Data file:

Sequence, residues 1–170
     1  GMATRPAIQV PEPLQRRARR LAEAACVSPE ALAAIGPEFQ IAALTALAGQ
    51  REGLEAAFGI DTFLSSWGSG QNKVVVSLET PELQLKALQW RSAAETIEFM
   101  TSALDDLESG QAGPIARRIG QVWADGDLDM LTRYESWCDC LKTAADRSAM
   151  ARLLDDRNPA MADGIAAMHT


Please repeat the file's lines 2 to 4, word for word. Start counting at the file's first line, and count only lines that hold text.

     1  GMATRPAIQV PEPLQRRARR LAEAACVSPE ALAAIGPEFQ IAALTALAGQ
    51  REGLEAAFGI DTFLSSWGSG QNKVVVSLET PELQLKALQW RSAAETIEFM
   101  TSALDDLESG QAGPIARRIG QVWADGDLDM LTRYESWCDC LKTAADRSAM